With February being Black History Month (BHM), I usually try to provide others with information which usually is not well-known. I may go back and repost the older topics about many firsts in black history; the first black physicians, the first black nurse, the first black to receive a patent, the first black to receive a gold medal at the Olympics.
Yet, one rarely hears about the negative aspects of black history such as The Tuskegee Experiment—which are just as important for black people of today’s generation to learn and nearly impossible for those of past generations to forget. This post will hopefully help many of my people and others gain insight into what some of our ancestors have been through. I also post this so other African-Americans comprehend that many of the rights and privileges we are now afforded—and often take for granted—were flat out denied to our elders on innumerable occasions and to show that some damages to our race are even self-inflicted. Maybe this can help to inspire changes for each of us as a whole through positive action and improved self-reflection.
The Tuskegee Experiment was an infamous clinical study conducted by the U.S. Public Health Service between 1932 and 1972 in Tuskegee, Alabama. This was done to analyze the natural progression of untreated syphilis in poor black men who thought they were receiving free health care from the U.S. government. It was then known as the Tuskegee Study of Untreated Syphilis in the Negro Male. Public Health Service investigators, working with the Tuskegee Institute, enrolled in the study a total of 600 impoverished, black males from Macon County; 399 who had previously contracted syphilis before the study began, and 201 without the disease.
These men—who were for the most part illiterate sharecroppers from one of the poorest counties in Alabama—were never told what disease they were suffering from or of its seriousness. Researchers told the men they were being treated for “bad blood,” a local term used to describe several ailments, including syphilis, anemia, and fatigue. In exchange for taking part in the study, the men received free medical exams, free meals, and burial insurance. Although originally projected to last 6 months, the study actually went on for 40 years!!!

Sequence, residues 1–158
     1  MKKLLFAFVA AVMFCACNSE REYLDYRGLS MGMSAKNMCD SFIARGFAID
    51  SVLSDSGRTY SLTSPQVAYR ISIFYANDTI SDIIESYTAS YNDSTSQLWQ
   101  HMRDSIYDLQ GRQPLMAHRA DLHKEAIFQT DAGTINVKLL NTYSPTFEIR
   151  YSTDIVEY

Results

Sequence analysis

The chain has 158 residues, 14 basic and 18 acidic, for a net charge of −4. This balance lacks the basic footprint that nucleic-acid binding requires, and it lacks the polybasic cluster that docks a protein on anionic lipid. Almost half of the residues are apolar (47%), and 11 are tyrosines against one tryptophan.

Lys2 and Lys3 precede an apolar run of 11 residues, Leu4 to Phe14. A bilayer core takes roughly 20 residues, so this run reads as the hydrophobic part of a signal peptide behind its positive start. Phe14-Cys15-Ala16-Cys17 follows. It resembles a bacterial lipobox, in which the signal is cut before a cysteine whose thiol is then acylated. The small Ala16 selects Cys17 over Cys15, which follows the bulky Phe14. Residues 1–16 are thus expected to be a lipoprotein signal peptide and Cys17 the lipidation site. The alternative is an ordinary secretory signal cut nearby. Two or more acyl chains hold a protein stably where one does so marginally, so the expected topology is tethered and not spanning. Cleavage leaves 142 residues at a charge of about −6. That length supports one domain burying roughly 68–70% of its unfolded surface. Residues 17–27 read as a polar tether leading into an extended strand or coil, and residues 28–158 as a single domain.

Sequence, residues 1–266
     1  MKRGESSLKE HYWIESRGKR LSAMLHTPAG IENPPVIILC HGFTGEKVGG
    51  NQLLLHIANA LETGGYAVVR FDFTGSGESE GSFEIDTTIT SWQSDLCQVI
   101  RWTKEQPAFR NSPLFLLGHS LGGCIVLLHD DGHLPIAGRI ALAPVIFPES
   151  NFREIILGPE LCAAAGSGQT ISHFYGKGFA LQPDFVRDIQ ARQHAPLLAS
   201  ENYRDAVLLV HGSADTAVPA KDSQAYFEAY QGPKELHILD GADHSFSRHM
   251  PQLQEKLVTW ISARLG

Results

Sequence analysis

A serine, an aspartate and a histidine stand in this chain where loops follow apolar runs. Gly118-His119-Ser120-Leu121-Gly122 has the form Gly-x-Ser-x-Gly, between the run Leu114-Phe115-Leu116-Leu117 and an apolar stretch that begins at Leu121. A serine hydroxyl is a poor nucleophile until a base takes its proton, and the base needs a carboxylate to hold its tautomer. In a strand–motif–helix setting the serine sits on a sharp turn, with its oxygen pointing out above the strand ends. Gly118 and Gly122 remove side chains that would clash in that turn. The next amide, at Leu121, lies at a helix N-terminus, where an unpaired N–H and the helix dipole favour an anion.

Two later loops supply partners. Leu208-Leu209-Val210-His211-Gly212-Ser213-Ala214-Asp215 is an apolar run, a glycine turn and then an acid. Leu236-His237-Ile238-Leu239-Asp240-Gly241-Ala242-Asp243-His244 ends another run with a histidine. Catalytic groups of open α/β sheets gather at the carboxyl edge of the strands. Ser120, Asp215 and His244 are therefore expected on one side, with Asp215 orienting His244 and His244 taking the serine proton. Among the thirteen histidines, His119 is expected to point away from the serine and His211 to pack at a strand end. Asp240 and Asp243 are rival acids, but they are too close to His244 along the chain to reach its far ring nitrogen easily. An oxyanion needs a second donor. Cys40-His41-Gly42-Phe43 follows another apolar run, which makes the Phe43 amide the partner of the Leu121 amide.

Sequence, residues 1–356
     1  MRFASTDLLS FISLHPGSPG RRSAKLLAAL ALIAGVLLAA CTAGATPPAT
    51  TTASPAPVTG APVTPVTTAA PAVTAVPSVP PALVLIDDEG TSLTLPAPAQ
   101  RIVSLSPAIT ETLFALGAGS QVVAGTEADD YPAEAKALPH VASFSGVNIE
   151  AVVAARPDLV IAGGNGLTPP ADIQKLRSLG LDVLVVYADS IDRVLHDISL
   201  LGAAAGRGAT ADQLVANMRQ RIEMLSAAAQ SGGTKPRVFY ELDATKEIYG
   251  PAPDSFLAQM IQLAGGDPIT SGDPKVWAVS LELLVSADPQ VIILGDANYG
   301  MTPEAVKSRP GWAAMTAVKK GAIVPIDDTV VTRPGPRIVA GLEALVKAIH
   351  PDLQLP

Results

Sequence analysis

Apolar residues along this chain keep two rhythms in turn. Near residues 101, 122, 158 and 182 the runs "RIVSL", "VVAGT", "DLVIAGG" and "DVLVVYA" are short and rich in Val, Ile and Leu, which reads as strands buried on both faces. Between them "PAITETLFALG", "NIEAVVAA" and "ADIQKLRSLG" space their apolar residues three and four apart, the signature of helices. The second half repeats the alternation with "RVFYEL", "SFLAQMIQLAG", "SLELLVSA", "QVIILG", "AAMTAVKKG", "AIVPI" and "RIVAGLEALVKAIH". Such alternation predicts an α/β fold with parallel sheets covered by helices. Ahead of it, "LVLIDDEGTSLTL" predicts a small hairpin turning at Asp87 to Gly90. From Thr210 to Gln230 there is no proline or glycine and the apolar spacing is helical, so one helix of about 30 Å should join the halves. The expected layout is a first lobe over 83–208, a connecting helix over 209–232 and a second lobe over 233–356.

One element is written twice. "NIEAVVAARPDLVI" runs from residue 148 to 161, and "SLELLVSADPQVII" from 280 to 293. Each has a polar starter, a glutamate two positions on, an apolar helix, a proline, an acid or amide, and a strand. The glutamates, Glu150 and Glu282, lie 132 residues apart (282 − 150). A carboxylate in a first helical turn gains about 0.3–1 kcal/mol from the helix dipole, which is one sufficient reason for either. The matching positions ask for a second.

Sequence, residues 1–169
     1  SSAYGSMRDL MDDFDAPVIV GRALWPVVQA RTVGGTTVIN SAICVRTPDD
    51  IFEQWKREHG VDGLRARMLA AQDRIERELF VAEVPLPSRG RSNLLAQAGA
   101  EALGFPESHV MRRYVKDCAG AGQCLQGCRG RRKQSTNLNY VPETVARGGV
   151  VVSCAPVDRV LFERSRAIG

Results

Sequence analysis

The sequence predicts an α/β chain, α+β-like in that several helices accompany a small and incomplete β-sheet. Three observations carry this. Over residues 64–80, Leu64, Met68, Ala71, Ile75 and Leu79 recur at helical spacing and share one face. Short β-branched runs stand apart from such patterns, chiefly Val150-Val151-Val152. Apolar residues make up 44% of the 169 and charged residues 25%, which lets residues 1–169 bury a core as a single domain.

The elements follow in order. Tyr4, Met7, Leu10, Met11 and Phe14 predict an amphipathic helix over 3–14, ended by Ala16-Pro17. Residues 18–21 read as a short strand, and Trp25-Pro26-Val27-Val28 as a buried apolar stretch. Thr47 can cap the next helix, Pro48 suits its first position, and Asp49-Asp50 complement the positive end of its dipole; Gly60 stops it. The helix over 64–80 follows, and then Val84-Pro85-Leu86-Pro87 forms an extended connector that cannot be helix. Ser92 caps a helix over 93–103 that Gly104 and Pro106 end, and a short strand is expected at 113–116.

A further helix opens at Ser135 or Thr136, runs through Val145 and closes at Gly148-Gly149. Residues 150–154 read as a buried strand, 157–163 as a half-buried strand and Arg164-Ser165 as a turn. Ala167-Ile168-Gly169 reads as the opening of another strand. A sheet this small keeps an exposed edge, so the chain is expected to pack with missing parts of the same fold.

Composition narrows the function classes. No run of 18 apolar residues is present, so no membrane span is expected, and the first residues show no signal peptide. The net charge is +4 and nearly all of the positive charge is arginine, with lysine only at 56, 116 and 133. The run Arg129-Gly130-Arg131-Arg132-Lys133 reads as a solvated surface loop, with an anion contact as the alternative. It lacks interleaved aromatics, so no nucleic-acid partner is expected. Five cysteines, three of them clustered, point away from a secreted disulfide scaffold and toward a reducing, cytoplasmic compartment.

At the start of the study (1932), there was no proven treatment for syphilis. But even after penicillin became a standard cure for the disease in 1947, the medicine—and any information about it—was withheld from the men. In fact, scientists prevented participants from accessing syphilis treatment programs available to others in the area. When several nationwide campaigns to eradicate venereal disease came to Macon County, the men were prevented from participating. During World War II, 250 of the men registered for the draft and were consequently ordered to get treatment for syphilis, only to have the Public Health Service exempt them from receiving it.
The Tuskegee scientists wanted to continue to study how the disease spreads and kills. The data for the experiment was to be collected from autopsies of the men, and they were thus deliberately left to degenerate under the ravages of tertiary syphilis—which can include tumors, heart disease, paralysis, blindness, insanity, and death. “As I see it,” one of the doctors involved explained, “we have no further interest in these patients until they die.”